New regulations took effect this week aimed at reducing the chance of midair collisions between jets and small planes, but federal aviation officials find themselves investigating incidents that fall just outside the boundaries of the rules.
New regulations require that small planes flying near 14 additional major airports be equipped with devices that help air traffic controllers pinpoint their altitude.
The rule previously applied to small planes flying in congested skies around nine major cities. The 14 airports added Dec. 1 are Cleveland, Denver, Detroit, Honolulu, Houston, Kansas City, Las Vegas, Minneapolis, New Orleans, Philadelphia, Pittsurgh, St. Louis, San Diego and Seattle.
Previously, transponders were required on small planes flying near Atlanta, Boston, Chicago, Dallas, Los Angeles, Miami, Newark, San Francisco, Washington's National Airport and New York's LaGuardia and John F. Kennedy airports.
Small planes are involved in the majority of near-collisions reported by pilots. As of Oct. 31, 946 near-collisions had been reported to the Federal Aviation Administration, compared to 705 for the same period last year.
The airlines have long pushed for a rule requiring that small planes carry altitude-reporting devices, which are standard equipment on commercial jets.
Specifically, the new rule was prompted by the collision between an Aeromexico DC9 and Piper Archer over Cerritos, Calif., Aug. 31, 1986 in which 82 persons were killed. The Piper was not equipped with a Mode C transponder, which transmits an altitude signal to controllers, and was flying inside the boundary of the controlled airspace that requires all planes to be equipped with the devices.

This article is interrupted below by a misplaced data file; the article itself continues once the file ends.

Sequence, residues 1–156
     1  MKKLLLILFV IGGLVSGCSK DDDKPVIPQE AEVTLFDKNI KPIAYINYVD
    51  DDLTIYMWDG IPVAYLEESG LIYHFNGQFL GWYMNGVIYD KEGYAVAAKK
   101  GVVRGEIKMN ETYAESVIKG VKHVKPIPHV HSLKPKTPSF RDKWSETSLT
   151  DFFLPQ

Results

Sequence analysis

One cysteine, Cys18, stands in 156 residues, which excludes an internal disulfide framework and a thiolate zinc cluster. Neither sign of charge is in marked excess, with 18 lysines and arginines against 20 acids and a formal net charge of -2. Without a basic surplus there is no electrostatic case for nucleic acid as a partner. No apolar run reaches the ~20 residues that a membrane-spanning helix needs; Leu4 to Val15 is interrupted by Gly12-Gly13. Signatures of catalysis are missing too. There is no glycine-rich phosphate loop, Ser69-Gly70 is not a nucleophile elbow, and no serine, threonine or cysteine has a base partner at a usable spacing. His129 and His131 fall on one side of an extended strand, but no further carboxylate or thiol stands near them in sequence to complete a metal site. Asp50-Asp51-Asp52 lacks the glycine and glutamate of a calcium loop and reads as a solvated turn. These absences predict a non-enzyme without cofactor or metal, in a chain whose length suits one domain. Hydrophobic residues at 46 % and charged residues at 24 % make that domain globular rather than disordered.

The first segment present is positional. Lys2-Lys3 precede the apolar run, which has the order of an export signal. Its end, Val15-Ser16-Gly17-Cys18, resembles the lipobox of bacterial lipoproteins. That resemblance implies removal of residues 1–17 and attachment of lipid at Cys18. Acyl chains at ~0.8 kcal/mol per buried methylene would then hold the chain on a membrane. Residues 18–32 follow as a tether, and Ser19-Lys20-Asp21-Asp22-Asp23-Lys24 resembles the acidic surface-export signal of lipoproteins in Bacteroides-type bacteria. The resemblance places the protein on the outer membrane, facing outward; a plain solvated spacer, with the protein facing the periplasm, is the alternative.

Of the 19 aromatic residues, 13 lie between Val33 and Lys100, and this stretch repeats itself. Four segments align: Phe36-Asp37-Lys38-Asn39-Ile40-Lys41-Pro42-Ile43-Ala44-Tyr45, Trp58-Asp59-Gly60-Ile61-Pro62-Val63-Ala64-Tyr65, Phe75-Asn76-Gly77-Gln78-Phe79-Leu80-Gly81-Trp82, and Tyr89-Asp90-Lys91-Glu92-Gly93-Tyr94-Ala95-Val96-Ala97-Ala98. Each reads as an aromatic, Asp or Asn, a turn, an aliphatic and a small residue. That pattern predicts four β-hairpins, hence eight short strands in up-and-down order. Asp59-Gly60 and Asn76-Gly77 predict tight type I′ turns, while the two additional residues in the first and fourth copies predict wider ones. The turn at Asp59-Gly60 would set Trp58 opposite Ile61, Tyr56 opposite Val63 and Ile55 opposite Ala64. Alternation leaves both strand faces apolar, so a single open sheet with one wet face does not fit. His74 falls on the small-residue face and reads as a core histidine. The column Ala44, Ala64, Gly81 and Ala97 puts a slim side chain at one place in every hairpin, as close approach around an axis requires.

Transponders were required equipment in airspace around Los Angeles at the time of the accident, and the FAA is considering additional measures to guard against collision, including expanding the boundaries of restricted airspace. Los Angeles has the most congested skies in the country and the highest rate of near-collisions -- numbering more than two a week. As of Aug. 1, the FAA had received reports of 87 near-collisions from pilots.
The most recent incident occurred Sunday between a United Airlines jet and a single-engine Cessna just outside restricted airspace. The Cessna was not required to have a transponder.
The United pilot reported to the FAA that he was forced to descend while climbing after takeoff to avoid hitting the Cessna.
The FAA has not yet located the pilot of the Cessna, which did not transmit altitude information to controllers and was flying under visual flight rules.
The United jet, a Boeing 767, carrying 108 passengers and eight crew, came within 100 feet of the Cessna as it passed underneath, the United pilot reported. The United aircraft was climbing after taking off from Long Beach Municipal Airport on a flight to Chicago.
The encounter occurred about about five miles southwest of the airport at 3,500 feet, said Elly Brekke, an FAA spokeswoman in Los Angeles.